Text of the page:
What Chemistry Graduate School is like


I had the privilege of attending graduate school at the University of California, Berkeley, from 1979 to 1984.  Berkeley was and still is considered to be the top graduate program in chemistry in the United States.  I formally worked for Glenn Seaborg, who won the Nobel Prize in Chemistry in 1951.  Glenn and I shared one thing in common.  We both graduated from high schools located in one of the toughest neighborhoods in the city.  He graduated from David Starr Jordan High School in the Watts section of Los Angeles and I graduated from Castlemont High School in the Elmhurst district of Oakland.  Professor Seaborg was winding down his career as a research scientist and I was his penultimate graduate student.  Because he was slowing down and taking care of other activities with the Lawrence Berkeley Laboratory (LBL), the Lawrence Hall of Science and even assisting teaching assistants for a freshman chemistry class, my de facto research director was a senior staff scientist employed by LBL.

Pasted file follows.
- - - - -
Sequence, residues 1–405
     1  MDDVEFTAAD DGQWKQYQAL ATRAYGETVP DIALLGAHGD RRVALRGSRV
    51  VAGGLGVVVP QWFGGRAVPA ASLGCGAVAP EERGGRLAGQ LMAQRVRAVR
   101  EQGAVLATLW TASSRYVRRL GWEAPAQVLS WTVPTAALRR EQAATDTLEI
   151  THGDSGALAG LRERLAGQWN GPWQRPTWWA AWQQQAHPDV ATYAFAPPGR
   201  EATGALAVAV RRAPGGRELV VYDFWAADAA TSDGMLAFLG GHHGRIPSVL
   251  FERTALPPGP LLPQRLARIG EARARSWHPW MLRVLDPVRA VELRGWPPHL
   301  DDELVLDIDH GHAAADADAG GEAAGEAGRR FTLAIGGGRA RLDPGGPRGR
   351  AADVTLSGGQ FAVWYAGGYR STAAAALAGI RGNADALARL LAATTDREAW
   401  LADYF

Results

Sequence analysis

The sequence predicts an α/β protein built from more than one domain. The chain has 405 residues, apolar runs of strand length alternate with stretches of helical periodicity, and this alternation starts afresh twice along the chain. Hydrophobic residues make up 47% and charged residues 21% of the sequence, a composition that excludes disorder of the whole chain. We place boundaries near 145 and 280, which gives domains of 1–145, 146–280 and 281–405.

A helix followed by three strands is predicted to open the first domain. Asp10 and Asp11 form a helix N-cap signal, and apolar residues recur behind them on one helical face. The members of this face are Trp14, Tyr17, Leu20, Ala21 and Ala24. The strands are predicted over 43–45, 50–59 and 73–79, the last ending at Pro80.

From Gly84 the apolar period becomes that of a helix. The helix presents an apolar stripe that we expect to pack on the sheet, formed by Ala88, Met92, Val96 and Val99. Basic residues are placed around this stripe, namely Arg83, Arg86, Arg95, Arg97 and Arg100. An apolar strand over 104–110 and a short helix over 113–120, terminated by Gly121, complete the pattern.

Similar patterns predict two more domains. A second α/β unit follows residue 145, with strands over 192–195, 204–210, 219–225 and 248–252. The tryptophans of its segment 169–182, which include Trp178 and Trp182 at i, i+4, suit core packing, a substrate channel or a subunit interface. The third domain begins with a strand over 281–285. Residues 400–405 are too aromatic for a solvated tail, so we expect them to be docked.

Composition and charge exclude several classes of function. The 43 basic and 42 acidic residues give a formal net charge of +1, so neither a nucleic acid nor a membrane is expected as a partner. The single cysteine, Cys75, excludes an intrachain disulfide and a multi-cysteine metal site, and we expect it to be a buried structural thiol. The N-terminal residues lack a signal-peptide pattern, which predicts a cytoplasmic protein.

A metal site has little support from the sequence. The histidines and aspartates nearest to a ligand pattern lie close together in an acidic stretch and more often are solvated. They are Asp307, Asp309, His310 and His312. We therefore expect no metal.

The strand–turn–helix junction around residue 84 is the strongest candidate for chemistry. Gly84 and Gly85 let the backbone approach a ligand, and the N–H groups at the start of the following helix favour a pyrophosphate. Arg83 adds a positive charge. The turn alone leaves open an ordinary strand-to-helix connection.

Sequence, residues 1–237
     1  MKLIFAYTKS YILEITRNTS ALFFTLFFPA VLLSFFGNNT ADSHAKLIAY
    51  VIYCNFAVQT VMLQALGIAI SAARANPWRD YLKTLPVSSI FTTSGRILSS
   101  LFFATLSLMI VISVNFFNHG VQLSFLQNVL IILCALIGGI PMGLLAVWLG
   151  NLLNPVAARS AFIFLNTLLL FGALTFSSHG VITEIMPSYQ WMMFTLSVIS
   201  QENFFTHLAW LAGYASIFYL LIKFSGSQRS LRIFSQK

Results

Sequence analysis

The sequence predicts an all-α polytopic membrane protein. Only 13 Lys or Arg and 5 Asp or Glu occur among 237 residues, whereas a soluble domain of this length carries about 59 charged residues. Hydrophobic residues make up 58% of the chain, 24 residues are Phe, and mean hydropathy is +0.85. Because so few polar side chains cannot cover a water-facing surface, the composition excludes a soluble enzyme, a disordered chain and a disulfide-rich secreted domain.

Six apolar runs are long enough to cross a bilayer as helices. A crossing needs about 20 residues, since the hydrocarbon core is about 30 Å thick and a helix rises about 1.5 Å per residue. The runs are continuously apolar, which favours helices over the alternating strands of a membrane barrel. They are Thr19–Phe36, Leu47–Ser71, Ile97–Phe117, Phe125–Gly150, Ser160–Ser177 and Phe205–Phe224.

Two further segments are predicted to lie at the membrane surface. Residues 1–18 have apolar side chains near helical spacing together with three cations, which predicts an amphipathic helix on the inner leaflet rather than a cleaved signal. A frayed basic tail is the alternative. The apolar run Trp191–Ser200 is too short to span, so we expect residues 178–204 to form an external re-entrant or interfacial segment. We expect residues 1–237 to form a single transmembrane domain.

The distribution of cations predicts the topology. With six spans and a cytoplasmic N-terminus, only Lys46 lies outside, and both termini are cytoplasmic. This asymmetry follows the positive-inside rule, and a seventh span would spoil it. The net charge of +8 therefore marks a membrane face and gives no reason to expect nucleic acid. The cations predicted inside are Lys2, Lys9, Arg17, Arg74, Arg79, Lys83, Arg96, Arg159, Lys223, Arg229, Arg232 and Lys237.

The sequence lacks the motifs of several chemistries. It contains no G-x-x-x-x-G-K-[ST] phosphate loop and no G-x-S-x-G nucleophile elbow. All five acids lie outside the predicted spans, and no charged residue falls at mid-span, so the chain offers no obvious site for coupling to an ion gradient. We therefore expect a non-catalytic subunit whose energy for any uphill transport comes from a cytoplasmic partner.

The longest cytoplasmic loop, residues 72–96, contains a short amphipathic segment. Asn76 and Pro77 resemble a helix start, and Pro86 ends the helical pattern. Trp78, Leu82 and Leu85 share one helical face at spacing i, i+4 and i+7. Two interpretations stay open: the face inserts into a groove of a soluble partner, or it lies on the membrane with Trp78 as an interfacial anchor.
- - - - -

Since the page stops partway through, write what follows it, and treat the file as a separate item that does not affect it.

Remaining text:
Initially in graduate school you are involved with taking classes and serving as a teaching assistant for undergraduate classes.  As part of the graduate program you are paid a modest stipend to help assist with your living costs and tuition, which at that time was very low.  Unlike undergraduate life, you are expected to study topics well beyond that covered in class.  That is why exams are so difficult because the professor will usually test you on topics not covered in class but from the reading material.  Also a lot of analytical thinking is involved so that answers for an exam question can be quite long.  Working as a teaching assistant is also quite challenging.  Many students have no experience teaching and many consider it a distraction from their studies and research work.  Fortunately I had a teaching background since I completed a professional teaching program to obtain my teaching credential.  Although I was able to explain things clearly, I was not a good teacher because I was too “nice” and could not control my class.  However in college, especially at Berkeley, the students are much more motivated and well behaved, so that was not a problem for me.  I considered teaching both a joy and a challenge and it was a welcome change from studying for classes and doing research work.